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Understanding Dover Corporation’s Corporate Profile and History

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Company profile

Dover Corporation (DOV) is a machinery manufacturer that operates in four diverse segments: Energy, Engineered Systems, Fluids, and Refrigeration & Food Equipment. The company’s competitors differ across the business units.

Dover’s competitors include General Electric (GE), Danaher Corp (DHR), Siemens AG (SIEGY), Ingersoll-Rand (IR), and Illinois Tool Works (ITW). The company’s customers are mostly in the oil and gas (XOP) and industrial (XLI) end markets. Its retail customers are primarily confined to the refrigeration business. The company channels its sales directly to customers through various distribution channels.

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A brief history

Dover Corporation (DOV) was incorporated in the 1940s when George Ohrstrom bought four companies and put them under one roof. The company went public in 1955 with Fred Durham, the owner of one of the acquired companies, as its first CEO.

Durham emphasized a decentralized corporate culture, noting that “a business, like any other human enterprise, thrives best where creativity and initiative are encouraged in an atmosphere of maximum autonomy.” This is a philosophy that the company follows even today.

Each unit operated with an independent president and a board of directors until 1985, when the management structure was reconfigured to account for its growing complexity. However, acquired companies still retain their autonomy, which is unique to Dover’s corporate culture.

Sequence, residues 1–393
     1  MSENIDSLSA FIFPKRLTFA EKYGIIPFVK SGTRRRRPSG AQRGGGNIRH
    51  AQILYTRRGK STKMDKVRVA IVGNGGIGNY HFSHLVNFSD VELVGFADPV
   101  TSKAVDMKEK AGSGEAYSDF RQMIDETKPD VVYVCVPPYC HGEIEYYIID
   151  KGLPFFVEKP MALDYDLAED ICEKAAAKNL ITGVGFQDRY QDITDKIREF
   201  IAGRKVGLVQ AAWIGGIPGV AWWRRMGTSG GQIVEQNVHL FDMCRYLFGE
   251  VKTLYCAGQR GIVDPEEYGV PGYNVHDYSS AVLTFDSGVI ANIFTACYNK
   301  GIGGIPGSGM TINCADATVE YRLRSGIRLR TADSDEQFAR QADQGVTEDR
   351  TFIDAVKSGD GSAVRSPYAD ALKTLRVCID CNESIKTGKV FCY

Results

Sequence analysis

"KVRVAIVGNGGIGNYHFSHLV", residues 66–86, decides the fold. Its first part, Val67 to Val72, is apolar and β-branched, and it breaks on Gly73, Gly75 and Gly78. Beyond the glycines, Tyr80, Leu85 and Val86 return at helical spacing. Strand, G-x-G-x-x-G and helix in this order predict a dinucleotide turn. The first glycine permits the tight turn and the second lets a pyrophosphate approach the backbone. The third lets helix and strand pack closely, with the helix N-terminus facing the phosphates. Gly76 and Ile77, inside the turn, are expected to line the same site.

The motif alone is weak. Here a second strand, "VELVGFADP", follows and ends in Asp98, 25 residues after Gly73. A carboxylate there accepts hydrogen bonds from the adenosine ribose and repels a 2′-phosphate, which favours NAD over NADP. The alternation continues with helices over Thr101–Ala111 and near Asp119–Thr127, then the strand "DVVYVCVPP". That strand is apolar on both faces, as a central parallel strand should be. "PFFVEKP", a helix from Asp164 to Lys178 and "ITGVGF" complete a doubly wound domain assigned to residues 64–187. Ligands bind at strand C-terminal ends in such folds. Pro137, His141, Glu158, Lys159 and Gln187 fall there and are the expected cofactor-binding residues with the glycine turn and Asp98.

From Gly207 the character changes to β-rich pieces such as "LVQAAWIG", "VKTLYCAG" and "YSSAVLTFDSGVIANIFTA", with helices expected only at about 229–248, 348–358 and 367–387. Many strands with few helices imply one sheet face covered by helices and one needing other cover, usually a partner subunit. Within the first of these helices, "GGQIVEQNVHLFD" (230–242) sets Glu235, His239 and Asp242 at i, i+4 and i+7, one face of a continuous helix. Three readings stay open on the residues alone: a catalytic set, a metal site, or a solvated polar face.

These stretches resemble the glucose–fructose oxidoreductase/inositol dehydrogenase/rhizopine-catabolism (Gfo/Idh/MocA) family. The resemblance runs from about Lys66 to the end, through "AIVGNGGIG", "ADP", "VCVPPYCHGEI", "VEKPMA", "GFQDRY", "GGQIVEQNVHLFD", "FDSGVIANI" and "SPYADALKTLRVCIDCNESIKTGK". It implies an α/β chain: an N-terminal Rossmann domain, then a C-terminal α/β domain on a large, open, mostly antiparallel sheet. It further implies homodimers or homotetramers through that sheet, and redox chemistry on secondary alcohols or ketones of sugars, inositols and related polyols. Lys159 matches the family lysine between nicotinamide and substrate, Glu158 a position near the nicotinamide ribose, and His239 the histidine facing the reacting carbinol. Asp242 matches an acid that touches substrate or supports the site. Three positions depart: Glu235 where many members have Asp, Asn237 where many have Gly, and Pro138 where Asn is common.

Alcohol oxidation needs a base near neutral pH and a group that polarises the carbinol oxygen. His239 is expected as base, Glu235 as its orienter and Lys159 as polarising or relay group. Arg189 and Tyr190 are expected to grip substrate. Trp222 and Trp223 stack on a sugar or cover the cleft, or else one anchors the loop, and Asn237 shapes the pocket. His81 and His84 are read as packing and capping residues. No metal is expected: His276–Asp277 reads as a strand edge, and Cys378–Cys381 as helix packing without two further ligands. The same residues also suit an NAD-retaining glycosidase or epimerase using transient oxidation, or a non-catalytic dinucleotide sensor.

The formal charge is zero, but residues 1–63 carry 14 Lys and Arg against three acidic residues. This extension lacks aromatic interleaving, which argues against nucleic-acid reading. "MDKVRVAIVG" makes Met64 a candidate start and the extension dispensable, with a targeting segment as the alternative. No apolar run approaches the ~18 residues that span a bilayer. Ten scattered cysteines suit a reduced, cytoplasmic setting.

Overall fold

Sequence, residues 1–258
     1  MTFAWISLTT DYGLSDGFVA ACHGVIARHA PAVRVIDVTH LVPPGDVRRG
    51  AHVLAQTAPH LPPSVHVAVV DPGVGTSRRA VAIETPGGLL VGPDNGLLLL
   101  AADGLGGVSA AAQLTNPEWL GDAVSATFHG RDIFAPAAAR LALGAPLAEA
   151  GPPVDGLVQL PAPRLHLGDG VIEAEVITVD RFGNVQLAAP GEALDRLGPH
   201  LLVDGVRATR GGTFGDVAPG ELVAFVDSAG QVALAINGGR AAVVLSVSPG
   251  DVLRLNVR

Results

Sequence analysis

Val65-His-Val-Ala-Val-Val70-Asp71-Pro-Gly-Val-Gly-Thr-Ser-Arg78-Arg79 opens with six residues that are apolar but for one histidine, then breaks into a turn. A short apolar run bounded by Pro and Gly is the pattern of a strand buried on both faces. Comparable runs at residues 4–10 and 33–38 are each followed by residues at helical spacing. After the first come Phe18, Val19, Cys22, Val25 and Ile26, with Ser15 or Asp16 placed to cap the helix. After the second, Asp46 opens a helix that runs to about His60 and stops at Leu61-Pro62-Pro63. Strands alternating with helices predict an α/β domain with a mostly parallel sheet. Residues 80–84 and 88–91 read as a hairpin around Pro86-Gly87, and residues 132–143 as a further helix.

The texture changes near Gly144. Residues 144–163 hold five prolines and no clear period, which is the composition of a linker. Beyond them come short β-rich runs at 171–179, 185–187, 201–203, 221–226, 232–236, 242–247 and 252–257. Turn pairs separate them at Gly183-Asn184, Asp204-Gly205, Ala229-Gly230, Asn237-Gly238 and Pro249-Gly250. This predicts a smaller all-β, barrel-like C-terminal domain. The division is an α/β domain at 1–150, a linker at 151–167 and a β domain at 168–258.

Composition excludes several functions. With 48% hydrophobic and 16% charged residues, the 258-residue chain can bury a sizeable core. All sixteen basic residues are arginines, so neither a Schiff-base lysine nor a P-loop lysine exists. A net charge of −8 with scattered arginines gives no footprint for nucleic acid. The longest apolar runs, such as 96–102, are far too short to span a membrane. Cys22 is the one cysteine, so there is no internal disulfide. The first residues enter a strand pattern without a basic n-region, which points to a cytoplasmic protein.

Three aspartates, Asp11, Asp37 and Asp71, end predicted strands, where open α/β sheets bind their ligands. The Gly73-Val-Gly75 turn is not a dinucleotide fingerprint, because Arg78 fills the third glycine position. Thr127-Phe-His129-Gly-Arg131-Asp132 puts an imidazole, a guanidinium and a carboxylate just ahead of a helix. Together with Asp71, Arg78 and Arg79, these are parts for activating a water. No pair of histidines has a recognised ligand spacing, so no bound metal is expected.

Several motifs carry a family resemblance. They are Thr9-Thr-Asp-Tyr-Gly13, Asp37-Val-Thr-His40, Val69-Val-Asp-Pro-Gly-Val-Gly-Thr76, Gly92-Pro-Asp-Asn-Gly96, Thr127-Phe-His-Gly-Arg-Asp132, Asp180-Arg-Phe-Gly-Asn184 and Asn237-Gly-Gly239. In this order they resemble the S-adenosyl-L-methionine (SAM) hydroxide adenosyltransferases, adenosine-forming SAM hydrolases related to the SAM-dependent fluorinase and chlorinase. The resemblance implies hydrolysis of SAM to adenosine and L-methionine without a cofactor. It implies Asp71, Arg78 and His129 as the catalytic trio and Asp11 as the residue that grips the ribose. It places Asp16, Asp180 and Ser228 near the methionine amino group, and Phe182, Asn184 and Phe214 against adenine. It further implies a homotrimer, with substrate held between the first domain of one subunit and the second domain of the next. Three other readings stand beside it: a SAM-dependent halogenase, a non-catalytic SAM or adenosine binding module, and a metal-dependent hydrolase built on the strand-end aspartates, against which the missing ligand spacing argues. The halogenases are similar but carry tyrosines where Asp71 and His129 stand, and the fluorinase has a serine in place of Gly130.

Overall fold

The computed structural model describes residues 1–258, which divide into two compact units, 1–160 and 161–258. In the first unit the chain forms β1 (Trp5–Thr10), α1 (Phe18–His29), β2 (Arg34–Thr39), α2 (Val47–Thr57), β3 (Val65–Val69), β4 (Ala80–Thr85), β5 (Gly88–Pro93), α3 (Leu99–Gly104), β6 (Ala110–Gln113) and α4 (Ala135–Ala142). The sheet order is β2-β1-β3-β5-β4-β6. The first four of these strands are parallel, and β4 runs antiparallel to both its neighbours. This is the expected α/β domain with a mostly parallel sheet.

Acquisitor-in-chief

Dover Corporation began acquiring businesses just three years into its incorporation in 1955. The company entered the elevator business by acquiring Shepherd Warner Elevator Company in 1958, a business that the company held until its divestment from 1997–1999.

The company had a commanding position in the North American elevator industry for years, trailing just Otis and Westinghouse until it underwent a slow decline and eventually met its demise. In 1961, the company acquired Ohio Pattern Work, which manufactures nozzles in gas stations and fluid handling equipment.

By the mid-1980s, Dover had acquired 40 companies and added 25 more from 1985–1988. The company continues to persist with this strategy, acquiring 11 companies in just the last two years. We will discuss some of the company’s recent acquisitions in Part 13 of this series.

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